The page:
Columbia in Tuolumne County, California — The American West (Pacific Coastal)
Water, Precious as Gold
Columbia’s Biggest Challenge
Every aspect of Columbia’sdevelopment depended on water. Without it, mining could not continue and the town could have died. In the early days of Columbia, fights broke out because of the short supply of water. To resolve the problem (and make money) the Tuolumne County Water Company used out-of-work miners to build a massive system of flumes and ditches. After its completion in 1852, a constant supply of water flowed from the high Sierra to Columbia, allowing for year-round mining.
With a dependable water source, Columbia grew from a rough mining camp into a substantial town. Water helped to protect structures from devastating fires and supplied the area’s homes and gardens. Today many residents continue to receive water from the historic ditch system.
Location. 38° 2.13′ N, 120° 24.059′ W. Marker is in Columbia, California, in Tuolumne County. Marker can be reached from the intersection of Main Street and Jackson Street, on the right when traveling south. This marker is located in a small park within Columbia State Historic Park. Touch for map Touch for directions.
Other nearby markers. At least 8 other markers are within walking distance of this marker. Wilson/McConnell House (within shouting distance of this marker); Bixel Brewery (within shouting distance of this marker); A Bountiful Place to Live (about 300 feet away, measured in a direct line); The Burns Cottage (about 300 feet away); Claverie Building (about 400 feet away); James Wood Coffroth (about 500 feet away); A Home for Immigrants (about 500 feet away); A Cosmopolitan Society (about 500 feet away). Touch for a list and map of all markers in Columbia.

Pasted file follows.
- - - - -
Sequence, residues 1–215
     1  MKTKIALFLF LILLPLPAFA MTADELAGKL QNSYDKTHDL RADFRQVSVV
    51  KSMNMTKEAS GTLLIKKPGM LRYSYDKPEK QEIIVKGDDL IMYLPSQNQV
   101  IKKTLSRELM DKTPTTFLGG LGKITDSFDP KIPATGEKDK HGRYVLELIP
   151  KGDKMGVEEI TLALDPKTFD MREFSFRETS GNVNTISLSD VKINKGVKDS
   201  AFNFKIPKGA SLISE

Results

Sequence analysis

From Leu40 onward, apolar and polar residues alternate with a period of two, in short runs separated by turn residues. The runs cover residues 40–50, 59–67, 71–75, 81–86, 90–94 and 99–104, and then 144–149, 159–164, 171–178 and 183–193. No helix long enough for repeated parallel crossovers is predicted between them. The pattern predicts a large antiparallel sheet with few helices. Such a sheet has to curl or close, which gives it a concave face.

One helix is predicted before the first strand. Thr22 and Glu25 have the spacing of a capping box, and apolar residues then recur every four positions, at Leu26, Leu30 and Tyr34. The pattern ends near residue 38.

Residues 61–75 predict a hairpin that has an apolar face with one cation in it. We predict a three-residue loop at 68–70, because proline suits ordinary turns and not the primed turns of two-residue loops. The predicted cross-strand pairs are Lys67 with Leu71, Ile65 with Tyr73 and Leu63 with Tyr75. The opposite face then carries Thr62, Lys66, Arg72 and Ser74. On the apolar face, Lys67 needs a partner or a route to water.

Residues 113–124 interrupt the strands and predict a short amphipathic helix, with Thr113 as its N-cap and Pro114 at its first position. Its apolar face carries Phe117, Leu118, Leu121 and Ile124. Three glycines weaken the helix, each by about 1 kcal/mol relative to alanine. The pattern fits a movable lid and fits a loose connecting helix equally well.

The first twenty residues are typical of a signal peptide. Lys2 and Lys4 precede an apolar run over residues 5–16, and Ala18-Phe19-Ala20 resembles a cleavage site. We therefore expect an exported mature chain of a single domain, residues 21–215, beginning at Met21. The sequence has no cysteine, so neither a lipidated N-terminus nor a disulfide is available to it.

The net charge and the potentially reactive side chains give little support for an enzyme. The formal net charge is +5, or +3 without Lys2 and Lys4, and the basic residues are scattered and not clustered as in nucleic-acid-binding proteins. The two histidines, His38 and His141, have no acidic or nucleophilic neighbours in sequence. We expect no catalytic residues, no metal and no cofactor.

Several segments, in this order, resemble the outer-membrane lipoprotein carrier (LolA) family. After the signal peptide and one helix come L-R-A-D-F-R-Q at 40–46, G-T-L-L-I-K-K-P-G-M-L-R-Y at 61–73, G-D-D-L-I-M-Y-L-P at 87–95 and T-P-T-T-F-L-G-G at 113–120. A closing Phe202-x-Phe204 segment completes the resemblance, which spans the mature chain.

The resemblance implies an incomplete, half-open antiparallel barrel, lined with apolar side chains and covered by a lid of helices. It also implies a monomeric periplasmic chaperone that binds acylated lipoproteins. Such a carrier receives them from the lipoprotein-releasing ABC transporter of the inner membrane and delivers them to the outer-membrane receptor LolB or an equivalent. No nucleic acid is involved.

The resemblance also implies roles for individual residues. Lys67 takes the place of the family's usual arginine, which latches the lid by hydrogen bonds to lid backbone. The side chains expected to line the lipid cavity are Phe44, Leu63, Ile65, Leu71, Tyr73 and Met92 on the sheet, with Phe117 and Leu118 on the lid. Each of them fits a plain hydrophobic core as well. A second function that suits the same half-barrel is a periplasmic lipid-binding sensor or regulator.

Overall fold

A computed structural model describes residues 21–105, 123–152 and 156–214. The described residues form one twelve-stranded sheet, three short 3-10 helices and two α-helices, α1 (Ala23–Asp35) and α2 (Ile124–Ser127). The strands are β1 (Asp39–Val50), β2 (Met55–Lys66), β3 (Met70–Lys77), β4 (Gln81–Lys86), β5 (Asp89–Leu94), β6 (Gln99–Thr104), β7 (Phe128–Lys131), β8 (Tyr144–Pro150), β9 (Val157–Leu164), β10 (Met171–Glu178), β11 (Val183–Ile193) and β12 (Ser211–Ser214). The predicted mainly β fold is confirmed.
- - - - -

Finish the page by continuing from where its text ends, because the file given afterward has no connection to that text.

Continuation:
Categories. • Industry & Commerce • Natural Resources • Waterways & Vessels •
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Credits. This page was last revised on June 16, 2016. This page originally submitted on March 8, 2012, by Barry Swackhamer of Brentwood, California. This page has been viewed 401 times since then. Photos: 1, 2, 3. submitted on March 8, 2012, by Barry Swackhamer of Brentwood, California. • Syd Whittle was the editor who published this page.